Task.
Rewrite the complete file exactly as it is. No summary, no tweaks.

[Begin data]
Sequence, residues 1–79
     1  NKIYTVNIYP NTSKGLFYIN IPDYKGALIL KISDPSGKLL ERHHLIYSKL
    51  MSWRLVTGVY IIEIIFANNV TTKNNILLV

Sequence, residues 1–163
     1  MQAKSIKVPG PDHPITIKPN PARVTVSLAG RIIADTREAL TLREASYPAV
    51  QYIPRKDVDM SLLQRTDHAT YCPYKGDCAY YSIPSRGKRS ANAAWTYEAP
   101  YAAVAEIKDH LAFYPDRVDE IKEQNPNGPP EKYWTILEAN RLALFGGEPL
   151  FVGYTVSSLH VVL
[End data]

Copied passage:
Sequence, residues 1–79
     1  NKIYTVNIYP NTSKGLFYIN IPDYKGALIL KISDPSGKLL ERHHLIYSKL
    51  MSWRLVTGVY IIEIIFANNV TTKNNILLV

Sequence, residues 1–163
     1  MQAKSIKVPG PDHPITIKPN PARVTVSLAG RIIADTREAL TLREASYPAV
    51  QYIPRKDVDM SLLQRTDHAT YCPYKGDCAY YSIPSRGKRS ANAAWTYEAP
   101  YAAVAEIKDH LAFYPDRVDE IKEQNPNGPP EKYWTILEAN RLALFGGEPL
   151  FVGYTVSSLH VVL